Different kinds of meetings are affected in different ways by remote work. Let’s examine those.
The team meeting
Team meetings are a different breed than generic group meetings because they provide the team glue when you cannot rely on casual conversations, shared lunches or water cooler conversations.
As a leader, your goal in a team meeting is not only to inform. Your job is to make the team meetings as valuable as possible, which means making them a vector for social cohesion, as well as a place where hard decisions are made, especially now.
So use team meetings to cement relationships, get people talking and provide a space for all-way communication, especially during a time of crisis. But in addition, decide as a team that you are going to disagree, talk about the elephant in the room, make tough decisions and keep moving forward through this crisis.
Also, have at the ready ways to encourage people to talk. A good rule of thumb is to make the team meeting 50/50, whereby the leader of the meeting talks for no more than 50% of the time (at the outside limit, less if possible), and the other 50% is reserved for collaboration, conversation and discussion by your people.
If the team isn’t used to speaking up, try changing your approach. For example, encourage people to use the chat function to ask questions or rotate who leads the meeting. Use humor and informality to get people talking, but just like in-person meetings, don’t force anyone to speak or put anyone on the spot.
Other ways to improve team meetings:
- Consider adding a ritual or ceremony to your team meetings, like a fun way to start or end a remote meeting. For example, everyone might begin the meeting by saying what they can see out their window every day. This works best for geographically distributed teams, where one person is looking at snow and another at a palm tree. Any light-hearted way to start the meeting can help set the tone of exchange and feedback that you want.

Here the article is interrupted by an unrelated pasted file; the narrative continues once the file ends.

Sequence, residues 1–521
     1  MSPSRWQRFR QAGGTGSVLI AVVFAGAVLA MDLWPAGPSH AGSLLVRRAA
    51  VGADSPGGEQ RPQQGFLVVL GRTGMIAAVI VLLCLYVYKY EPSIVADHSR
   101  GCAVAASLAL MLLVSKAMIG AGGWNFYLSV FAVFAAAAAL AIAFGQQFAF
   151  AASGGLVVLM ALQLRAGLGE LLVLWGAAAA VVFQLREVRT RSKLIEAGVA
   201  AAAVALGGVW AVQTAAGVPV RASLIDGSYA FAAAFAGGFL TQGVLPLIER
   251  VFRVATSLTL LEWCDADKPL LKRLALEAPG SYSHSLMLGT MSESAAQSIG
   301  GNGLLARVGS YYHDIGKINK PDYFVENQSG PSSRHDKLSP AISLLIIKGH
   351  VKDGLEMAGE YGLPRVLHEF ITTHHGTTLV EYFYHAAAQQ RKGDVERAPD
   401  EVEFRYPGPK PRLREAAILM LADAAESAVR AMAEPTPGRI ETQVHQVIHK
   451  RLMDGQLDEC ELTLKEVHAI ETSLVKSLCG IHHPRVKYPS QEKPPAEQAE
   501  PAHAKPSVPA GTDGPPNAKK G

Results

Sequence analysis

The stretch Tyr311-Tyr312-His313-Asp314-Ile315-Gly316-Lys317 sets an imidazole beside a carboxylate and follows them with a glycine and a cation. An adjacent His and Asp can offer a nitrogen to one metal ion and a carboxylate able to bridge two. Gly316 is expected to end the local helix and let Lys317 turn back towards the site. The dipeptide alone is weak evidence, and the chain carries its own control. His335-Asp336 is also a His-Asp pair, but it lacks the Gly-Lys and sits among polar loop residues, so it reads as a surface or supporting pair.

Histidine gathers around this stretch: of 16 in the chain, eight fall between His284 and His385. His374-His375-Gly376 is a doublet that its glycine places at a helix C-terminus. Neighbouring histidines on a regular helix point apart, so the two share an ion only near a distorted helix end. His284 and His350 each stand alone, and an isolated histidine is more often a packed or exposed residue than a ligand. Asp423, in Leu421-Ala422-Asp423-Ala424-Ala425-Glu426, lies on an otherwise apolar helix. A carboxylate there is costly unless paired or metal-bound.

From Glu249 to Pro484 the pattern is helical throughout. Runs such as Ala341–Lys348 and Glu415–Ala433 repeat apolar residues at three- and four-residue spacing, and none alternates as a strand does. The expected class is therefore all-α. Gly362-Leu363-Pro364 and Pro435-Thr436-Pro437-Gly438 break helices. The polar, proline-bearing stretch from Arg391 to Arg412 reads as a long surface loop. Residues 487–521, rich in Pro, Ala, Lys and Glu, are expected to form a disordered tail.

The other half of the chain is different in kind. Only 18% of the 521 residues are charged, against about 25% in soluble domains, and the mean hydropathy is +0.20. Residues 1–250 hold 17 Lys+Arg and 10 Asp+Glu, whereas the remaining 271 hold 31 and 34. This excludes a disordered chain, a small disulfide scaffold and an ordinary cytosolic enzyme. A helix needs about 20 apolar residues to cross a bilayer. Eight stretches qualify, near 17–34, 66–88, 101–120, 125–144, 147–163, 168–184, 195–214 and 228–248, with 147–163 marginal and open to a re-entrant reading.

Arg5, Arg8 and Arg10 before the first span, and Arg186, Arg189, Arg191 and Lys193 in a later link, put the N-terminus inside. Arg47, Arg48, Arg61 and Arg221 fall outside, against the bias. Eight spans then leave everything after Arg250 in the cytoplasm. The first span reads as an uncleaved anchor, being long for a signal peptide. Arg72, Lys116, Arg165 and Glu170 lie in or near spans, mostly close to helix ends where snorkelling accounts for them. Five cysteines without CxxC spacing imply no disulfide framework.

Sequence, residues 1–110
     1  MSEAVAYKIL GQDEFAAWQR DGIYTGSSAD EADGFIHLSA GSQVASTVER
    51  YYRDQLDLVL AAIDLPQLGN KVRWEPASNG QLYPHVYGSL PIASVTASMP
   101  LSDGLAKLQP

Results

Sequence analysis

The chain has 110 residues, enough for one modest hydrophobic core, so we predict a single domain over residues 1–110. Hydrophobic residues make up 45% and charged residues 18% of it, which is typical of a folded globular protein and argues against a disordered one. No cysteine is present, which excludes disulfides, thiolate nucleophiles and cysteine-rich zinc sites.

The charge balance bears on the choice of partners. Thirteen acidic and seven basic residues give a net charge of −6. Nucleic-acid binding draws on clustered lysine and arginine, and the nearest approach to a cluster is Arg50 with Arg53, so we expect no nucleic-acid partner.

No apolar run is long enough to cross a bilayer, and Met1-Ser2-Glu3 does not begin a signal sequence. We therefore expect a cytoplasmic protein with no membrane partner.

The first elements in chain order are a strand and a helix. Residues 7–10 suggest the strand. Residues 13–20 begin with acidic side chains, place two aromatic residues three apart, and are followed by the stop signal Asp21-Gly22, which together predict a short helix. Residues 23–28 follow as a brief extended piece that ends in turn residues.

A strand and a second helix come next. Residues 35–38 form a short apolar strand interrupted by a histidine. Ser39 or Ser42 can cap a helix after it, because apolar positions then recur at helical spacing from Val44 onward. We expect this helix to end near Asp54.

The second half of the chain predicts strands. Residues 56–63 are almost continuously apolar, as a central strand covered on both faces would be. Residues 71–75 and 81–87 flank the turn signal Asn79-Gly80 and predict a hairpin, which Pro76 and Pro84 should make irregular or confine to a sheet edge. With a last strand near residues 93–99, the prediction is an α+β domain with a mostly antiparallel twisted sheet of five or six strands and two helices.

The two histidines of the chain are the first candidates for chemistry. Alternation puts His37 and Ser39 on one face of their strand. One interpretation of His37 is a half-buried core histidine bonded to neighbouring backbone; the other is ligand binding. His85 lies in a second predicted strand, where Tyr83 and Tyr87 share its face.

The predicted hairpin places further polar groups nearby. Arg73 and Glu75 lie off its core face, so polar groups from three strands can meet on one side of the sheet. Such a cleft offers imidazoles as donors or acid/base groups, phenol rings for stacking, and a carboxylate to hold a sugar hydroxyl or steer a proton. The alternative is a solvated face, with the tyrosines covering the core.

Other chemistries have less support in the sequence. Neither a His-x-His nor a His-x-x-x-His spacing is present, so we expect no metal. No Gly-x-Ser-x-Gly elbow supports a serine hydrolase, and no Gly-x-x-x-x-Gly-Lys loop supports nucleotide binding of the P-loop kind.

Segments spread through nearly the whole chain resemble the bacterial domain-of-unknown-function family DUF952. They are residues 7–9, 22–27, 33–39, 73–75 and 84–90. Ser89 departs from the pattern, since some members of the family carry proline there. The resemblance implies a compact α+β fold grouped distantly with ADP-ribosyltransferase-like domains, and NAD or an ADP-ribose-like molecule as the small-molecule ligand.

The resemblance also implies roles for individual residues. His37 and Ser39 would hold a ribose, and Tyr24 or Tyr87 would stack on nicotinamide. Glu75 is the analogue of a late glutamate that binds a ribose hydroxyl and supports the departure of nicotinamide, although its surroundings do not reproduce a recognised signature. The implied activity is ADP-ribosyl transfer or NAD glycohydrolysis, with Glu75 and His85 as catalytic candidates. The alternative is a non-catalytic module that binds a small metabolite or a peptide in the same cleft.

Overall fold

- Given the current state of the world, many meetings will begin with everyone touching base about what’s going on. But be aware of the fatigue that can create in certain geographies. Check in and make sure everyone is okay.
- It’s your job as a leader to ensure everyone gets heard and dominant voices don’t overshadow the introverts on your team. This is just like in-person meetings, but this situation can be exacerbated on remote working channels.
- Don’t forget about the appreciation and motivation that should keep coming from managers/peers, even for small acts of success. Recently, one of the teams at Gartner celebrated an achievement by organizing a virtual party where the manager got everybody on a call, sent them a Starbucks gift certificate to get their favorite drink, and played music on the call so everyone could chill and unwind.
- Depending on the culture at your place of work, you might need to set some rules about video and what people should wear.
In this time of crisis, employee isolation is a real worry. Make sure you have meetings with each of your team members often. Let them set the cadence. Some people find more than once every two weeks is invasive and unnecessary, and others need multiple calls per week. Especially now, you might need to increase your individual meeting cadence to ensure everyone is okay and feels included.
Avoid jumping into business as usual
Work might not be what’s occupying your employees’ psyche at a given moment. More likely, employees are wondering if they are going to lose their house or their job, or whether an elderly loved one might fall sick. Instead of jumping into business as usual, copy the approach of a colleague at Gartner: Start by asking about their health, then their families and how everything is going, and only then their work.
If you’re geographically distributed around the globe, the chances are that different teammates are experiencing different circumstances, some in total lockdown, others emerging from it and still others yet to experience COVID-19 directly.
Consider that remote work is hardest for new employees
They cannot rely on casual encounters or lunch in the cafeteria to cement new relationships. Pay special attention to anyone who is new to the team and is suddenly working remotely. You might need to have more meetings with new workers or set up meetings between them and teammates proactively.
Remote work can be difficult, and remote work during a pandemic has its own set of needs. Ensure that your meetings are inclusive, effective, and well-run to reduce frustration and build team camaraderie during challenging times.